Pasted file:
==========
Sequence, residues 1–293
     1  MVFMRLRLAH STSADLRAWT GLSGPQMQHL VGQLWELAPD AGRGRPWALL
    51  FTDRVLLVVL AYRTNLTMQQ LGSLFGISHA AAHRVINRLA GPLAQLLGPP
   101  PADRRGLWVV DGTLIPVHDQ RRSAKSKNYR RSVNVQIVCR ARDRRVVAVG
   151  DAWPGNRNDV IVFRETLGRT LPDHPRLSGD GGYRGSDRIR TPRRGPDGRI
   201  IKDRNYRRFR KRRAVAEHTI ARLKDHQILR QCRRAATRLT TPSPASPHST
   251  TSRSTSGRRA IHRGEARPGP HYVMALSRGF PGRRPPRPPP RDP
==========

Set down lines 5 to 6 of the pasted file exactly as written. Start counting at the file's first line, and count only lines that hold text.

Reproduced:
   151  DAWPGNRNDV IVFRETLGRT LPDHPRLSGD GGYRGSDRIR TPRRGPDGRI
   201  IKDRNYRRFR KRRAVAEHTI ARLKDHQILR QCRRAATRLT TPSPASPHST